Wanted: Candidates for municipal elections

·2 min read

The association representing New Brunswick's francophone municipalities has launched a campaign to encourage more residents to think about running in this spring’s municipal elections.

The positions available include mayors, councillors, education councillors and regional health authority representatives.

According to Elections New Brunswick, in the 2016 election, 17 municipalities had councils acclaimed, meaning there were not enough interested candidates for a race. Several more had either uncontested races for mayor, or a slate of candidates equal to the number of council seats, leading to councillors being acclaimed.

In a few cases, such as in Drummond and Clair, there were more vacancies than there were candidates by the election’s conclusion.

The campaign, which L’Association francophone des municipalités du Nouveau Brunswick is calling #PENSESY, which means “Think about it” in English, will be a virtual campaign due to pandemic restrictions, said Atholville Mayor Michel Soucy, the association's board president. The campaign is a bit of a reboot of one which began last year before the Spring 2020 municipal election was postponed by the pandemic.

It will include elements such as a podcast, and sharing of information on social media and on the association’s website that aims to demystify the roles up for grabs and explain what’s involved in running, Soucy said.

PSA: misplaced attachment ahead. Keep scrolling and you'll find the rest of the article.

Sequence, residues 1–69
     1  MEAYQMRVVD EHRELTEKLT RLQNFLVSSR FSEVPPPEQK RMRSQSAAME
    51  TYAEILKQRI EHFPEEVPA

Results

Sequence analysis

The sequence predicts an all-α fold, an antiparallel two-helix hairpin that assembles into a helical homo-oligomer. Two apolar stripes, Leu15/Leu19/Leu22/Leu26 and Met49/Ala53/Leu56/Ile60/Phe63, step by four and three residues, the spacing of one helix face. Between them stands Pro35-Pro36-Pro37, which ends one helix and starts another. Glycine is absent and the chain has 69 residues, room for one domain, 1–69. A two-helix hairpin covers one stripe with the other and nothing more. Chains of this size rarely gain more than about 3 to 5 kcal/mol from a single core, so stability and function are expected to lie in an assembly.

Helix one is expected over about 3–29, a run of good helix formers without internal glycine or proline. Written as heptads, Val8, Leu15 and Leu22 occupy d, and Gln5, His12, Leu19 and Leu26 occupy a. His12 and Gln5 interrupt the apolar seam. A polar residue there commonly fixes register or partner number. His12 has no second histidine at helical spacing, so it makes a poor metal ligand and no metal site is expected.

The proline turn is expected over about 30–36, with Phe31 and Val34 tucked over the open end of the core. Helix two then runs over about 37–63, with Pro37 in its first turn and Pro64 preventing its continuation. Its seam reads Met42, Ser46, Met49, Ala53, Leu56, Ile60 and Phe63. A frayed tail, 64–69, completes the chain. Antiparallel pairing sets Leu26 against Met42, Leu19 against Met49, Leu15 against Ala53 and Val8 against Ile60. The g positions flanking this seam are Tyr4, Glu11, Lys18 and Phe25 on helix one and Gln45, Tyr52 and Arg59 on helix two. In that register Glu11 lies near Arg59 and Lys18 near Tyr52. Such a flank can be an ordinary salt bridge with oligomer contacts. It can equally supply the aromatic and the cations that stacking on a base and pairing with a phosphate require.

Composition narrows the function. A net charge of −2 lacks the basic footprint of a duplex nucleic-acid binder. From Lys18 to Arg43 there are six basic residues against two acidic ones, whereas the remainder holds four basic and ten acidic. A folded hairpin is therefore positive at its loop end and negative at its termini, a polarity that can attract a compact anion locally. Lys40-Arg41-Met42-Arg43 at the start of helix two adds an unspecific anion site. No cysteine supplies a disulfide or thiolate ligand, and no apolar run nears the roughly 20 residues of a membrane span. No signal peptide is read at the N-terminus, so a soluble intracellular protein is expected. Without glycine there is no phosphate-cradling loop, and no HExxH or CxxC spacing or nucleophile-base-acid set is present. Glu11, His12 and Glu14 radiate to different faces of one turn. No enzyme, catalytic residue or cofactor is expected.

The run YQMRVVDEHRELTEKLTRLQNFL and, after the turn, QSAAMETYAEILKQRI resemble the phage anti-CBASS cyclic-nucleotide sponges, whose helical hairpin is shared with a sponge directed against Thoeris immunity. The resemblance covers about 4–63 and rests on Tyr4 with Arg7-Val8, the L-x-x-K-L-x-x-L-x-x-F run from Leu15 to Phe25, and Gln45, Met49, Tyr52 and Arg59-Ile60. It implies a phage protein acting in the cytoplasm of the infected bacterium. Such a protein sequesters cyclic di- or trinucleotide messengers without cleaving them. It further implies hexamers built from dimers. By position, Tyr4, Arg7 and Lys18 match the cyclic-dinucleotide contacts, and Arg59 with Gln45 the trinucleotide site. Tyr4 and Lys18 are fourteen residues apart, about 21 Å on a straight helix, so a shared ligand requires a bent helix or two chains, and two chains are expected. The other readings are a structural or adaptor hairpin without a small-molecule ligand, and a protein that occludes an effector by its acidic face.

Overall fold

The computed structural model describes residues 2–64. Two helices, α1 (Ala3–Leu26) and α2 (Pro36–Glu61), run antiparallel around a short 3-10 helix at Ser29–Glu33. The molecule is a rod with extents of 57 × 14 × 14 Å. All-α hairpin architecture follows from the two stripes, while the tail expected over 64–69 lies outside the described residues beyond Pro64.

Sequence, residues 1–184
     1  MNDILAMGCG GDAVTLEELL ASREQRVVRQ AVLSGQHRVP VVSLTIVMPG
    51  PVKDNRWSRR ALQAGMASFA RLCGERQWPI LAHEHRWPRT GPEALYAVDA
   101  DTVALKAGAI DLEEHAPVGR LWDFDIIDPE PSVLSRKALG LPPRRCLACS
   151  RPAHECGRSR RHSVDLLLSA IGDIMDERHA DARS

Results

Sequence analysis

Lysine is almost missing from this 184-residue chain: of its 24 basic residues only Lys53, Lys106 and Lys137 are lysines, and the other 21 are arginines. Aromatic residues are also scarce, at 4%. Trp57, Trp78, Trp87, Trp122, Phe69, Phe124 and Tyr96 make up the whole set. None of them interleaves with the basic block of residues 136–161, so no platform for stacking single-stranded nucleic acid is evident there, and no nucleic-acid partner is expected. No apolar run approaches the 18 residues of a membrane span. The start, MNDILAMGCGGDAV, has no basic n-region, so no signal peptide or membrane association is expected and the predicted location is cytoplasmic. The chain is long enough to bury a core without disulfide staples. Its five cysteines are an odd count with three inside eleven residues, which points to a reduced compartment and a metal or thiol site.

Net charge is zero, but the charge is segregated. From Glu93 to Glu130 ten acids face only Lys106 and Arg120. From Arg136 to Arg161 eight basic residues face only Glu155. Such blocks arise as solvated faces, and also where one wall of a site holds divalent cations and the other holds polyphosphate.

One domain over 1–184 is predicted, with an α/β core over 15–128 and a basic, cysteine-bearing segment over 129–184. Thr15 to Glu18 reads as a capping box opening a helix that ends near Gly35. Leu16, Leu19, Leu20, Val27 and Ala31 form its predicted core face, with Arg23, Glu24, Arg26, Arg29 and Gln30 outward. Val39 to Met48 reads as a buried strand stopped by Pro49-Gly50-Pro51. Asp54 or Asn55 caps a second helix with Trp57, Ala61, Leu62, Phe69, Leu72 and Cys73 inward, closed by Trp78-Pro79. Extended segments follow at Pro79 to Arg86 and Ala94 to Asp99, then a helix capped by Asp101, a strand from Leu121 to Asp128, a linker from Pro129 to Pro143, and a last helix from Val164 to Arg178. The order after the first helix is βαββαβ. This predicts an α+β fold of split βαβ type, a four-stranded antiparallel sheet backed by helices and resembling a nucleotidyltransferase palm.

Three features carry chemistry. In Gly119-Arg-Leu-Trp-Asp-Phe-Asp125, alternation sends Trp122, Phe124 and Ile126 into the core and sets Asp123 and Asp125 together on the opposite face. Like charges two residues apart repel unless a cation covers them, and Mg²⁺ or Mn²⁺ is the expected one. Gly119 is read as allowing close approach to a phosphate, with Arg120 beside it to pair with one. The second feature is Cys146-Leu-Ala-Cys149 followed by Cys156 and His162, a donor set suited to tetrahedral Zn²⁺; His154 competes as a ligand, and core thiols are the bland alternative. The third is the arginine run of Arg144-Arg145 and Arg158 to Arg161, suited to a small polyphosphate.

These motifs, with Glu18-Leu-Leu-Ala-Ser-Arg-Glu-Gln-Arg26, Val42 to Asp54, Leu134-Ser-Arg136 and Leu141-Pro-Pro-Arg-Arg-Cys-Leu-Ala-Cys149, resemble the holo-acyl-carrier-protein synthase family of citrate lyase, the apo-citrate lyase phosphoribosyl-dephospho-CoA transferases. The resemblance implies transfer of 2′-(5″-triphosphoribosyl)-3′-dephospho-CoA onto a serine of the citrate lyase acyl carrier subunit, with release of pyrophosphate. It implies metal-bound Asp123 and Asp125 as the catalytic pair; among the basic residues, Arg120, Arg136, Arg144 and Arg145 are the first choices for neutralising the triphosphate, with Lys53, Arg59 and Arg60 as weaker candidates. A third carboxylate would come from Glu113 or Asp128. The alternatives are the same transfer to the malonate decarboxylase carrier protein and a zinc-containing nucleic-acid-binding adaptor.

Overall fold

“Citizens need a choice,” he said.

This campaign aims to help democracy thrive, he said.

The association wants to bring more people to the table and in particular, encourage more women and young people to run for office, Soucy said, noting a diversity of voices will ensure “municipal councils will reflect what we need for years to come."

“Any time you have a municipal council with a diversified group, it adds to your discussion,” said Shediac Mayor Roger Caissie.

Shediac currently has gender parity on its council, he said.

The association said barriers to running include people not knowing what the job entails.

“Some people think you have to be super human to do it," Caissie said, "but I’m no different than anybody else.”

Caissie said he encourages anybody who has their community's best interests at heart to go for it.

“It’s not rocket science,” said Caissie, adding municipal staff are there to help guide councillors as they learn the ropes.

The first date anyone can file nomination papers is March 22, but candidates may announce at any time, said Elections New Brunswick’s Paul Harpelle. Nominations for candidates in the municipal elections close on April 9.

The association will collaborate with Elections New Brunswick on elements of the #PENSESY campaign.

Clara Pasieka, Local Journalism Initiative Reporter, Telegraph-Journal